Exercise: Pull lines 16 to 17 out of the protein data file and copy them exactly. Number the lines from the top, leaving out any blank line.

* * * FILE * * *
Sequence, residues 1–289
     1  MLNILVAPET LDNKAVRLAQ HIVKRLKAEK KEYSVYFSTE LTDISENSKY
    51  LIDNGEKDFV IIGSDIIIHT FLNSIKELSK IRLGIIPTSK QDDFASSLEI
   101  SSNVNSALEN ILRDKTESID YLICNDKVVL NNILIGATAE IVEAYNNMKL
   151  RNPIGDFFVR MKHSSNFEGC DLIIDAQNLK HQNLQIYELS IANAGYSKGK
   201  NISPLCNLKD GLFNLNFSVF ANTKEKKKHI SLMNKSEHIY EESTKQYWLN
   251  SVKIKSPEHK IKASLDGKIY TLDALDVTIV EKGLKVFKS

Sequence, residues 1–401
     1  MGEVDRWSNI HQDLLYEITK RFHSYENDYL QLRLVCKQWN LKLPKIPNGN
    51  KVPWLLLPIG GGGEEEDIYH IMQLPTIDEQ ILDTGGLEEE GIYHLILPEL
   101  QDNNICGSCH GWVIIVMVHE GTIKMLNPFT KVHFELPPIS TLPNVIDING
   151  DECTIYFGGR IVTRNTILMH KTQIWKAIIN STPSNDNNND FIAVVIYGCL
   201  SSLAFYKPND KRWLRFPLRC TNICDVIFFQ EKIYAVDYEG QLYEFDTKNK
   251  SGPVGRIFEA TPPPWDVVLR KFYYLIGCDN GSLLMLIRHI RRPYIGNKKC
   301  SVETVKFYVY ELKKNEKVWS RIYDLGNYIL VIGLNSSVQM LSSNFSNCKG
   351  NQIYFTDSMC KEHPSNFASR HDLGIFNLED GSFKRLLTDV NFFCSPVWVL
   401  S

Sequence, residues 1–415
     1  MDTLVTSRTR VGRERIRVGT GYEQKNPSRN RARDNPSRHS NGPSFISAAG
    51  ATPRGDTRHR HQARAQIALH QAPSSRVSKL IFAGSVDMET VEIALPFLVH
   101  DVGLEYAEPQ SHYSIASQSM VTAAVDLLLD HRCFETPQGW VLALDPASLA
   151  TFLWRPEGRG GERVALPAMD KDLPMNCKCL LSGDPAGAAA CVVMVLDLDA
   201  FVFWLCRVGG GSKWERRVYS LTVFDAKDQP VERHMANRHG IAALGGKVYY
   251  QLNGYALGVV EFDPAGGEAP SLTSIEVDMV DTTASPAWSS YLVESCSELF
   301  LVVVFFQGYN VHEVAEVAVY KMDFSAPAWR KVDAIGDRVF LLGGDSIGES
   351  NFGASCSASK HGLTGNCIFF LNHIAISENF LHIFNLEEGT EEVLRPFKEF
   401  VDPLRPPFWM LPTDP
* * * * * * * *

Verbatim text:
   351  NQIYFTDSMC KEHPSNFASR HDLGIFNLED GSFKRLLTDV NFFCSPVWVL
   401  S